A local agency may not condition the availability of a density bonus upon provision of more affordable housing than the minimum required under the State Density Bonus Law. Latinos Unidos Del Valle De Napa Y Solano v. County of Napa, No. A135094 (First District, July 11, 2013).
California’s Density Bonus Law, Government Code § 65915, allows a developer who provides a certain percentage of affordable housing units within a project to increase the density of the project above the maximum number of units allowed under local zoning law. Local agencies are required to adopt density bonus ordinances establishing procedures to implement the state law.
Plaintiffs – a group advocating on behalf of affordable housing for low-income residents of Napa County – challenged the County of Napa’s 2009 Housing Element and zoning code on the ground that these measures operated to deter and discriminate against affordable housing and low-income people in violation of state and federal law. Plaintiffs also contended that the County’s density bonus law conflicted with state law because it required more affordable housing than the minimum established by state law to qualify for a density bonus.
The appellate court rejected plaintiffs’ housing element and discrimination claims. It concluded that although plaintiffs were correct that no affordable housing at all had been developed in the unincorporated portions of the county since 2004, a failing that was “unquestionably a matter of serious concern,” they had not shown that this had resulted from the county’s discriminatory policies or practices.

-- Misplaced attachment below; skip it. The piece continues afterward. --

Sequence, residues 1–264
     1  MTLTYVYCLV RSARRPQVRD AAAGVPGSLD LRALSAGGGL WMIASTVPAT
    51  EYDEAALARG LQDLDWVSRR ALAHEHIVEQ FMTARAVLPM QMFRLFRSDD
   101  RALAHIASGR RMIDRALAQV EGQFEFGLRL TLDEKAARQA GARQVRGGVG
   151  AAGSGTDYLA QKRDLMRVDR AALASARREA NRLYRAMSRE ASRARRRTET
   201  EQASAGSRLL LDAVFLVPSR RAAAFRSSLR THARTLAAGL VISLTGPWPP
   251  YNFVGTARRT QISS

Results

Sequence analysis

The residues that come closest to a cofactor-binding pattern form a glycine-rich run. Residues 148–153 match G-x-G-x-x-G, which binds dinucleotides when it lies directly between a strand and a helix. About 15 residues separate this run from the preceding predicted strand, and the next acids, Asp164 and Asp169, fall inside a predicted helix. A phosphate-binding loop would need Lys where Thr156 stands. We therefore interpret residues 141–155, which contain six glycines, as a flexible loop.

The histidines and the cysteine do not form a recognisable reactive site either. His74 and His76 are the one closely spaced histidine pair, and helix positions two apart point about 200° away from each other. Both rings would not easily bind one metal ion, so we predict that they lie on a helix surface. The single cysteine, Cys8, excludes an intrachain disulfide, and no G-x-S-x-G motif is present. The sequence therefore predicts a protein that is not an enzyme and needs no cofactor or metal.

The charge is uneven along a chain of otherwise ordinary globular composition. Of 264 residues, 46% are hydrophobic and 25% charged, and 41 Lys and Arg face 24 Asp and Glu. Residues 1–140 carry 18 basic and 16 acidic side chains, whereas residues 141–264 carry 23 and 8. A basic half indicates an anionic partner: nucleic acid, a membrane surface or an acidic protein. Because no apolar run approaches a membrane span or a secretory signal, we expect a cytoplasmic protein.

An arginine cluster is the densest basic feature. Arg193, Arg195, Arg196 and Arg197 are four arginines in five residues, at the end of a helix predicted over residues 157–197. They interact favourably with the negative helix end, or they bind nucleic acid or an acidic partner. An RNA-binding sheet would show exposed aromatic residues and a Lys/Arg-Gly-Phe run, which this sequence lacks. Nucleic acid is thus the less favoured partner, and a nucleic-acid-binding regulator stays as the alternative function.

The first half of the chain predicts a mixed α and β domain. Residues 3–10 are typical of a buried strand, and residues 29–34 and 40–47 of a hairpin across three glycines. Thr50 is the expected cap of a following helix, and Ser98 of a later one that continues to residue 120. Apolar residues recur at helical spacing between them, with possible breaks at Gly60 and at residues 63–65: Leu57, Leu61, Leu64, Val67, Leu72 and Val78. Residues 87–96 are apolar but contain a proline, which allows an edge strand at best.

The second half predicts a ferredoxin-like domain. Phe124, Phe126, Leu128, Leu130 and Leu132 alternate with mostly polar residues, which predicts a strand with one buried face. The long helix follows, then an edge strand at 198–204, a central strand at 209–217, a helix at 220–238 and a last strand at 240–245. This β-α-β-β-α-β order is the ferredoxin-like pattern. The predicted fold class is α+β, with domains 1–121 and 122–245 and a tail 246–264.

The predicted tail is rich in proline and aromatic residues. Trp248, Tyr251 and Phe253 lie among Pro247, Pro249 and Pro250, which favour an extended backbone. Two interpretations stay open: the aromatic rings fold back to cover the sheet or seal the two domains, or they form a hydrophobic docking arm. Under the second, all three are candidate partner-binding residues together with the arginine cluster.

As to the County’s density bonus ordinance, however, the court found a direct conflict with state law. The local ordinance stated that a density bonus would be provided when the applicant provided affordable units “in addition to” the affordable units required under County’s inclusionary zoning ordinance. The latter ordinance required up to 20% of the units within a residential project to be made available at prices affordable to moderate-income households.
The effect, the court found, was to fail to credit low-cost units required to be counted under state law in determining the project’s eligibility for a density bonus. To the extent the ordinance required a developer to dedicate a larger percentage of its units to affordable housing to obtain a density bonus than the minimum required under state law, the ordinance conflicted with state law and was void.
The court rejected the County’s argument that the ordinance was “saved” by a clause providing that the state density bonus law superseded any conflicting provisions of the ordinance. This clause, the court found, “does no more than state a truism that state law prevails over conflicting local law.” Someone reading the ordinance “without benefit of a legal opinion as to the extent of its validity would understand that units satisfying the inclusionary requirement do not count towards the number of units necessary to qualify for the density bonus.” That requirement violated the statute and rendered the ordinance void.